BONUS FEATURE:

Ride The Maryland Hunt Cup with a jockey and his horse, Twill Do. This is rather long (19 minutes) but even watching part of it gives a sense of what it took — and takes — to win the Maryland Hunt Cup three times in a row. And perhaps, as you watch, you will take a moment to remember a great little horse whose heart was as deep as the 4-mile course and whose courage dwarfed its 22 fences. (NOTE: I have watched the footage before posting it. One horse goes down and there are two refusals but no-one is hurt.)

Related articles on THE VAULT:

(BATTLESHIP) https://thevaulthorseracing.wordpress.com/2012/09/06/battleship-the-pony-who-conquered-aintree/

REFERENCES

Anderson, C.W. Twenty Gallant Horses (ISBN-10: 0027055302; ISBN-13: 978-0027055306)

Winants, Peter. Steeplechasing: A Complete History of the Sport in North America  (ISBN – 10: 1461708222; ISBN – 13: 9781461708223)

: 100 Years of the Maryland Hunt Cup (http://www.equiery.com/archives/Steeplechase/100YearsHuntCup.html)

McCausland, Christianna. Maryland Steeplechasing (ISBN-10: 0738542008;ISBN-13: 978-0738542003)

Myzk, William. The History and Origins of the Virginia Gold Cup (Virginia: The Piedmont Press)

NY: The Sagamore Press. American Race Horses 1938

The Miami News (April 30, 1939) “Blockade Wins In Close Race Maryland Hunt” 

Chicago Tribune (April 28, 1940) “Blockade Wins Steeplechase And Hunt Cup”

NOTE: THE VAULT is a non-profit website. (Any advertising that appears on THE VAULT is placed there by WordPress and the profit, if any, goes to WordPress.) We make every effort to honour copyright for the photographs used in our articles. It is not our policy to use the property of any photographer without his/her permission, although the task of sourcing photographs is hugely compromised by the social media, where many photographs prove impossible to trace. Please do not hesitate to contact THE VAULT regarding any copyright concerns. Thank you.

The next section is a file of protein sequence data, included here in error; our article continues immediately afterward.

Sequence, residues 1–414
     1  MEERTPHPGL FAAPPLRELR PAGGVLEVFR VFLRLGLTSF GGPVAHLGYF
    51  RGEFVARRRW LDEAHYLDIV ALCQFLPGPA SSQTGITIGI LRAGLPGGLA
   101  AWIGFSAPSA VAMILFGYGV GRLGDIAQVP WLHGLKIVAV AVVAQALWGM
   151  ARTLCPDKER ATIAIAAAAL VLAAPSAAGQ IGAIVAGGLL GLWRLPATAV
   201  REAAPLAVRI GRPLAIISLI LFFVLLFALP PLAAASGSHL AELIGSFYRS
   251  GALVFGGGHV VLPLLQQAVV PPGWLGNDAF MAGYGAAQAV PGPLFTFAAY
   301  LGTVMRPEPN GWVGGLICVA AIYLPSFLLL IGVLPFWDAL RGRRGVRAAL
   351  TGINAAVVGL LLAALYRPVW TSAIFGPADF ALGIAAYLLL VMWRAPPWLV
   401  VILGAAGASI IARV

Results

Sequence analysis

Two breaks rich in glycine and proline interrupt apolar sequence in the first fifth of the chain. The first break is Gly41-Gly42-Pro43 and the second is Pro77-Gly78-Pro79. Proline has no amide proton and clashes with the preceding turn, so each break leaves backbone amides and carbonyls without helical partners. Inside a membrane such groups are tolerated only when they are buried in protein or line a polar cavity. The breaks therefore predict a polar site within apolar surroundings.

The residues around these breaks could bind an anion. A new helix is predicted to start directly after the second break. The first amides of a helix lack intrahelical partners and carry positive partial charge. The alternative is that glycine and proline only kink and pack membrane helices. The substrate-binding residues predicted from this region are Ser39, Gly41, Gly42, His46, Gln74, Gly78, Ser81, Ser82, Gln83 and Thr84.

Read Full Post »

AUGUST 14, 2015
Dear VAULT reader: As you know, THE VAULT published its very first article in 2011 and now enjoys a readership of over 280,000 worldwide. I cannot thank you all enough for your support and enthusiasm.
THE VAULT is a non-profit endeavour written out of love for the horses and the sport.
I felt it was time to find a way to give ‘payback,’ to use my efforts as a means of making a permanent contribution to the welfare of horses. Accordingly, I inaugurated a fund, in the name of THE VAULT, which will collect monies to be contributed towards organisations who specialize in horse rescue.
THE VAULT will feature the link below from this time on. Every few months I will post the monies that have been collected.
http://www.gofundme.com/8d2cher4
I thank you all for taking part in this endeavour. No donation is too small — every penny will help.